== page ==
Wednesday, October 10, 2018

Beyond BDS: College activist has passionate plea for pro-Israel adults


Hayley (right) on her campus.
By Hayley Nagelberg, University of Illinois Urbana Champaign class of 2019

I have always cared about Israel, and I have spent the past four years actively advocating for Israel through political means and campus-based activism. I have learned an incredible amount about the Middle East, and I have been trained to present myself professionally and speak in front of crowds large and small. I now know more legal terminology and persuasive rhetoric than I thought possible. I can make my points eloquently and with impact. 

And yet, while I consider myself to be an effective and passionate advocate for Israel, I'm convinced something has been getting lost in translation between pro-Israel college students and the pro-Israel adult world.
Pro-Israel college students are put on pedestals when they defeat BDS or speak out against anti-Semitism. But the pro-Israel adult world also needs to recognize and actively support the other work we do -- making genuine connections with faculty and fellow students that actually move the needle in creating positive associations with Israel.

I will defend Israel with every ounce of my being, but that is just one dimension of who I am. Being responsive to anti-Israel activity is just one small part of being a Zionist.

I was recently asked to share with a congregation in Chicago a video of myself speaking in front of the University of Illinois' board of trustees about anti-Semitism on campus. I was told this congregation wanted to share the video with their high school students to prepare them for what to expect when they get to campus.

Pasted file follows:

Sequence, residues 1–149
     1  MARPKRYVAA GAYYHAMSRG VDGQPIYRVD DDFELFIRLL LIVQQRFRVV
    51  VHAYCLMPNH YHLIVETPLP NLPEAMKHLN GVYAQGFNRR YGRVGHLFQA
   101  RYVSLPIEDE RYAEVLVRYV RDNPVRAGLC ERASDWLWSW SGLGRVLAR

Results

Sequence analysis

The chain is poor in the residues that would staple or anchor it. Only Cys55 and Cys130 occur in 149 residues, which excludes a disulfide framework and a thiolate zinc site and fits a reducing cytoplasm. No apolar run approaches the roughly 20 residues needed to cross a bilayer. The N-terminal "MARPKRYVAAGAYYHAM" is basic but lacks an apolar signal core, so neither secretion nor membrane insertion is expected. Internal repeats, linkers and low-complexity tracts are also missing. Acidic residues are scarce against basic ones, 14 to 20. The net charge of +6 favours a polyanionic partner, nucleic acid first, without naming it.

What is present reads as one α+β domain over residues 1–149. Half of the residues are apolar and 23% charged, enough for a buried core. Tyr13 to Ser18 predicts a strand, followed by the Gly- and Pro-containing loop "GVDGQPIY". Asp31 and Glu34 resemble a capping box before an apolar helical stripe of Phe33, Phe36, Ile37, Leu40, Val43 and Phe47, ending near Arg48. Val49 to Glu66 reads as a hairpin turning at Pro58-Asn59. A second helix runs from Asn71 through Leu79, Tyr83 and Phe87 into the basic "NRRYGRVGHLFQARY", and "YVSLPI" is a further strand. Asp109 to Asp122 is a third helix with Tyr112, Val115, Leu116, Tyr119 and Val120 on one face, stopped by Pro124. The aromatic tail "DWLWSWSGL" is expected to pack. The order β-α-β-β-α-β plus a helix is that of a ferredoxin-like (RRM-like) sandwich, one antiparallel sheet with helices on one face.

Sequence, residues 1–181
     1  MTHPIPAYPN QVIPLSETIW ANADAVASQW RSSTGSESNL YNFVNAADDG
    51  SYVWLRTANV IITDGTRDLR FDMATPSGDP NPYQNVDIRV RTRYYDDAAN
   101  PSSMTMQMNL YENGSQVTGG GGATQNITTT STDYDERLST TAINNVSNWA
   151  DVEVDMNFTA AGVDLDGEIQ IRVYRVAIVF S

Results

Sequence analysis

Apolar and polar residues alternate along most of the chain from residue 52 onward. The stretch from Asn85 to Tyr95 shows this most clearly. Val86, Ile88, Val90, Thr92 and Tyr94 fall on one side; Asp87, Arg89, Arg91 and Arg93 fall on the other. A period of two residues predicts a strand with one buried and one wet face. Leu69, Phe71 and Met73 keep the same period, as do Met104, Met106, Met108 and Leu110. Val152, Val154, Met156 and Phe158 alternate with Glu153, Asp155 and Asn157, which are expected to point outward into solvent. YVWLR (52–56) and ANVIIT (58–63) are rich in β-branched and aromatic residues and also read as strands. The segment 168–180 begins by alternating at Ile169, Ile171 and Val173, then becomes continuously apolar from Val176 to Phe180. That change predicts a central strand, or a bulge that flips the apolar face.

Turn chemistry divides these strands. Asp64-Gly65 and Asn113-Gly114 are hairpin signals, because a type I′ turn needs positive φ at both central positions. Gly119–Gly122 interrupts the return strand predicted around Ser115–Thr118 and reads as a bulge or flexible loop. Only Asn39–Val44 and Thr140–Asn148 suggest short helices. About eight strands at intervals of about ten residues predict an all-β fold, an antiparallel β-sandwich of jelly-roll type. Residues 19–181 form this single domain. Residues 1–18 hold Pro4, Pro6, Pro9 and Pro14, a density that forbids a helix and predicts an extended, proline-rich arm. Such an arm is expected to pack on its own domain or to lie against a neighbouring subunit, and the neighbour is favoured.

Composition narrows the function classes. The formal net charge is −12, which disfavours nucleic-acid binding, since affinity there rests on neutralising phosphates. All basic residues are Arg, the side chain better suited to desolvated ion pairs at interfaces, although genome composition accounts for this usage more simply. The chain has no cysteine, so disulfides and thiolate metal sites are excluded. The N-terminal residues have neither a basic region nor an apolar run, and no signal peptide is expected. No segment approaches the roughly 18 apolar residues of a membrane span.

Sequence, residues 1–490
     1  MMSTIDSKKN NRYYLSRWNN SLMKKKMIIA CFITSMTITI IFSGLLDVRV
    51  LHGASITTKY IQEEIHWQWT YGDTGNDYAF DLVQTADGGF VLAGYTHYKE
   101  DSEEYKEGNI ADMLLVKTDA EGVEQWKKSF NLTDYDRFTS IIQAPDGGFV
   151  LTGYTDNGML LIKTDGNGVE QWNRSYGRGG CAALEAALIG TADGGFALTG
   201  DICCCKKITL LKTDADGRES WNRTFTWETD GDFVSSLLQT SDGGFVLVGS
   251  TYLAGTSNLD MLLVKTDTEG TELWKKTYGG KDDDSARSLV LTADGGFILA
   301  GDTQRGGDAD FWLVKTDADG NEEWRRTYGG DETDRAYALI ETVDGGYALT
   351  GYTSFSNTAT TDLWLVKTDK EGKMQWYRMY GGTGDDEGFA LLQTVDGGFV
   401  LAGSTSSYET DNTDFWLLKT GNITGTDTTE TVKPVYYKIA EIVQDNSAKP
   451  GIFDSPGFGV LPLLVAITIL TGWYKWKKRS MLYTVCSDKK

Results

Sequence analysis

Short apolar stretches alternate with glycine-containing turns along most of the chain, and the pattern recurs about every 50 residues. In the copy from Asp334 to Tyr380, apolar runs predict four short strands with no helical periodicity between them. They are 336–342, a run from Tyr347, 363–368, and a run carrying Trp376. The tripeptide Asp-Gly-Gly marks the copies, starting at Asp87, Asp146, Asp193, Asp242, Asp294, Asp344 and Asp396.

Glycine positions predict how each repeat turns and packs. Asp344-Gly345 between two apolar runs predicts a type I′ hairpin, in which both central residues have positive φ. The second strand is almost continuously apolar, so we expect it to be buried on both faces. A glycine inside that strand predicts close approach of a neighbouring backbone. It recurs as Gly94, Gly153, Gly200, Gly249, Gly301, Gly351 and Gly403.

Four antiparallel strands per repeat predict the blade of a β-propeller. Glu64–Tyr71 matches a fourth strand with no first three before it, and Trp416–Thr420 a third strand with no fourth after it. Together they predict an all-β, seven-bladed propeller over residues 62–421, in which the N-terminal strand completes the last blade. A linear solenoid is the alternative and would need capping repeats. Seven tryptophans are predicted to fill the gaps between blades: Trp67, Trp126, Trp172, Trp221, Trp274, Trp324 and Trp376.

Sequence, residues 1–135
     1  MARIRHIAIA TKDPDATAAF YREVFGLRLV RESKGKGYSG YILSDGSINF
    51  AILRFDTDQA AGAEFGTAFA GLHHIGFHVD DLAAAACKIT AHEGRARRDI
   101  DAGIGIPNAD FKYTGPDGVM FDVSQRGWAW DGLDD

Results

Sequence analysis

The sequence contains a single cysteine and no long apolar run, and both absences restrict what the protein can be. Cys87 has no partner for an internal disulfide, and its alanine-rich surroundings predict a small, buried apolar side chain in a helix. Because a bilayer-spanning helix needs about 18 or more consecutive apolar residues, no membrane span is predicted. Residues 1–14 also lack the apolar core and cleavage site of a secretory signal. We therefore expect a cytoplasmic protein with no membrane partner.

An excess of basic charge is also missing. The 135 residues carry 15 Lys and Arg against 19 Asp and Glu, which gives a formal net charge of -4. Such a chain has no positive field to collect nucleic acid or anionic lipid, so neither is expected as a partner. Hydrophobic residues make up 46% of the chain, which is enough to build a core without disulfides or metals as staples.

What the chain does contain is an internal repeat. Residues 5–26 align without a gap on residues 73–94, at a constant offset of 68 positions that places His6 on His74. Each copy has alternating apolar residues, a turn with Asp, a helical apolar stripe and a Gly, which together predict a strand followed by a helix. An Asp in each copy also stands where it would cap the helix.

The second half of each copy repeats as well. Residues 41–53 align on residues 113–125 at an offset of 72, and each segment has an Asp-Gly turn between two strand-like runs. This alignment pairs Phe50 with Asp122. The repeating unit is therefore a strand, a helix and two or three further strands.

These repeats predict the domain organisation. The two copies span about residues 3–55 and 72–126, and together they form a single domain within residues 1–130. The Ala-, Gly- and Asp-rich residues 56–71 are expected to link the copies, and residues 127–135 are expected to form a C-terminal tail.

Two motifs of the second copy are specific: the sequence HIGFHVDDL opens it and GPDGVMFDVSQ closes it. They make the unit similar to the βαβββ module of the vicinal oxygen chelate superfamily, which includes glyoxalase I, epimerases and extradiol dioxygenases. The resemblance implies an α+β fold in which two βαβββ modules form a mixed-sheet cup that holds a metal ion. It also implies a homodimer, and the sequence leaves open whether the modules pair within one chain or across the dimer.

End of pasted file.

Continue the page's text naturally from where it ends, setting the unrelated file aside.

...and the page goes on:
This is not the only message to teach these students. To all adults who love Israel, I have the following request:

Hayley at the Western Wall.
Teach young people to follow the lead of the students sticking up for themselves at Columbia and at the University of Michigan and on countless other campuses, and make sure to explain that these are examples of proactive, confident Jews setting the narrative.

Teach them about Netta Barzilai’s recent Eurovision victory, and the fact that an Israeli performed on a world stage, smashing stereotypes about body image and sharing a powerful message about the #MeToo movement that moved thousands of viewers.

Teach them to love Israel in their core, and teach them to fight for an Israel that aligns with their personal values. Teach them to question the status quo, but teach them not to overlook the gift we have to live in a time when the Jewish state exists for us to call home.
Israel's story has and will forever speak for itself. Let each student, and each person, find his or her own connection to this wonderful nation. Teach love and not hate, faith and not fear, progress and not pessimism.

Teach us about the world around us and how it got to where it is today, but recognize that we will be the ones to chart a new course. Teach us the skills to make that happen, but do not reprimand us for not doing things as you might do them yourself.

Israel is the foundational stone holding the Middle East together. Solving the Israeli-Palestinian conflict will require ingenuity and creativity and bold leadership. It will require positivity. And it will stand the best chance of success if our words and our efforts are not lost in translation. I have faith that, together with your help, my generation will envision and implement new approaches and shape a new future for our world.

To learn more about Jewish National Fund's work with Zionist education and advocacy on campuses, click here.

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